Jeff Arnold’s West

The blog of a Western fan, for other Western fans

Return of the Texan (Fox, 1952)

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Semi-Western
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When the opening scene is of a Jeep bowling along, the Westernista’s heart does sink a bit. I remember, when I was a callow youth (somewhere in the Bronze Age), buying a Roy Rogers comic, as one did in those days, and there was Roy – no sign of Trigger – driving across the desert in a cloud of dust – in a jeep! Shocked wasn’t the word, dear e-pards, I was traumatized! No, jeeps really won’t do.
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Still, this movie is directed by Delmer Daves, it has a Westerny title, it stars Dale Robertson, it has Walter Brennan as the crusty old grandpa, and Richard Boone is the bad guy. And Dudley Nichols wrote it. There are horses and guns. A Western surely?

 

Well, kinda.

 

And actually, in point of fact, I have always liked jeeps. I saw one the other day and although one of the few commandments I have never been guilty of transgressing is the one about not coveting my neighbor’s ox (I really haven’t), still, I did rather covet that jeep. Anyway, where were we?
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Return of the Texan is not a Western for another reason, though, jeeps notwithstanding. It’s a bucolic tale of a widower returning home with two small sons, settling in and finding love with Joanne Dru. It’s a love story, pards, a love story, and not a Western at all. Sorry to disappoint you.
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Oh well. It is enjoyable, though. I like the littlest boy, about whose only utterance is, “Sure!” and the dance is fun and there’s an element of end-of-the-West as Brennan can’t really adapt to not huntin’ and shootin’, and suffers a stroke. And Boone gets his come-uppance.

 

The young doc (Robert Horton), Dale’s rival for Joanne’s hand, is damnably decent, a really good egg, and that makes it harder. It all ends well for Dale, though, with Joanne in the rocking chair of his erstwhile spouse.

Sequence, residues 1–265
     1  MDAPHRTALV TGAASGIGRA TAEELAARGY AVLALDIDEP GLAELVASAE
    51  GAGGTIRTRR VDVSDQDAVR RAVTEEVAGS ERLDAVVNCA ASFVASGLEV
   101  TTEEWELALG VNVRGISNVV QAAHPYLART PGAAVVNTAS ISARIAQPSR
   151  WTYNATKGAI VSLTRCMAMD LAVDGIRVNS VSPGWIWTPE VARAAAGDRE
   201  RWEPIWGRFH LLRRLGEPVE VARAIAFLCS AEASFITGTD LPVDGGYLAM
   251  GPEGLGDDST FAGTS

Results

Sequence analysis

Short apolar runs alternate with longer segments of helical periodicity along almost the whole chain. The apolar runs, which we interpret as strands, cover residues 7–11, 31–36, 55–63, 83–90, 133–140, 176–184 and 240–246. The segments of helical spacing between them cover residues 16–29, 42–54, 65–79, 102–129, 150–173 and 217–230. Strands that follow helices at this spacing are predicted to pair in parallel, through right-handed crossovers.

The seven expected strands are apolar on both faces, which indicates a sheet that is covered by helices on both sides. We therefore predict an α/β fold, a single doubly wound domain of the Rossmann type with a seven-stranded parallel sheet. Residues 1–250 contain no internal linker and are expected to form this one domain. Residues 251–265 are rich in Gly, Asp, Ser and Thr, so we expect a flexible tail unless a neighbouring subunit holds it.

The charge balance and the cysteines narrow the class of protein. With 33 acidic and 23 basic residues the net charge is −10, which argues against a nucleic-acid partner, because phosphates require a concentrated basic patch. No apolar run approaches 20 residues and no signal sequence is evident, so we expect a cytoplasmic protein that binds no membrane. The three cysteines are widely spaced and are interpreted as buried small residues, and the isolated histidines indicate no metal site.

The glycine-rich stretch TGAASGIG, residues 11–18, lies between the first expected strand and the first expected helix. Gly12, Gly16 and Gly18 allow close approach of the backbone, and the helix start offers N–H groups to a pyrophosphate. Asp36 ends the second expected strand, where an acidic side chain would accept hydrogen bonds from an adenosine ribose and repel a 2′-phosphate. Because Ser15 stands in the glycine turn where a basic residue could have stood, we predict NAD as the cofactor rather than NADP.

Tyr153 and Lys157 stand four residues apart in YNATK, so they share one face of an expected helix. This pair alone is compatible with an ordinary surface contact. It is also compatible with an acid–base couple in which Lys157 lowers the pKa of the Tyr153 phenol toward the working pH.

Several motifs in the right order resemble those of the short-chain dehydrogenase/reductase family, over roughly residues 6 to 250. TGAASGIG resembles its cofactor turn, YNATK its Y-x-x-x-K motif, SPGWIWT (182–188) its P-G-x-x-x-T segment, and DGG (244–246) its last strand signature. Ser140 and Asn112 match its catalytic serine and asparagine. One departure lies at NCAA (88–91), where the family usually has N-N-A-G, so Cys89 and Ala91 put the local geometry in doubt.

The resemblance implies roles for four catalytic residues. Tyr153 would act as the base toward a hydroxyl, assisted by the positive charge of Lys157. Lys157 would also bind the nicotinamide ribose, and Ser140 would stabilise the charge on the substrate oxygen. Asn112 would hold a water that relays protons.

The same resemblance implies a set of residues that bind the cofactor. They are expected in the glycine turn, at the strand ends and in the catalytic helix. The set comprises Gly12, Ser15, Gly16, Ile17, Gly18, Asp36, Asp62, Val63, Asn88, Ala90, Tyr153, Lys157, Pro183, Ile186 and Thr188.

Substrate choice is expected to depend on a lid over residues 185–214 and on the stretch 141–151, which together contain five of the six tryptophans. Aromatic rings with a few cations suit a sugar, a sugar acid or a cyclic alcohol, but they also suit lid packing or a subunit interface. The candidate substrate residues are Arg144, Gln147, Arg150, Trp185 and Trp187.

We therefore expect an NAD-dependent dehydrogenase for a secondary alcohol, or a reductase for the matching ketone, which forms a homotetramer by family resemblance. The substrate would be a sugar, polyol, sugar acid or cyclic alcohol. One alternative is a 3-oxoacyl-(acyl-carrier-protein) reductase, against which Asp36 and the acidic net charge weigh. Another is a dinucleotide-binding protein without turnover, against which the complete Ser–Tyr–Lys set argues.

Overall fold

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2 Responses

  1. Just seen this- it recently showed up on Talking Pictures, a British channel that shows lots of obscure old movies, including Westerns sometimes. Although you’re right of course that this can’t really be considered a Western as such, it has enough trappings- horses, cattle and fences, a community dance, even a fistfight, not to mention the pedigree of so many of those in front of or behind the camera – to make you feel comfortingly close to the genre.

    (I enjoy how the poster you included above (presumably Belgian because of the mix of French and Dutch) is obviously designed to try and accentuate the ‘Western-ness’ – it’s verging on false advertising, but does have the jeep looming large in the background, so punters can’t say they didn’t know before parting with their money that it’s set in modern times.)

    Anyhow, I found this to be a real charmer, one of those small, unassuming movies that quietly grows on you. Its message about keeping going with a quiet pride and decency, even when life throws curveballs at you, isn’t exactly startling stuff but it’s done with a gentle and appealing sincerity. The rather subdued acting by all the principals (all well capable of giving more extroverted performances if they’d wanted to or the director had told them to) really helps, and I was particularly struck by Brennan’s performance. Although in one way it’s in line with his usual cranky old-timer persona, there’s a vulnerability about it this time that’s quite moving.

    The one weakness I thought was the Boone character was a bit underdeveloped, he acts it well but could have made more of the part if it was written to be a bit less one-dimensional. But altogether, I’d say this ranks high in Delmer Daves’s variable ouevre, which I didn’t particularly expect going in to it.

    1. I agree about Daves making ‘variable’ movies (though generally good). I wouldn’t have guessed this was a Daves picture if I hadn’t known beforehand, because of its “small, unassuming” qualities as you put it. But it’s a nice little picture.

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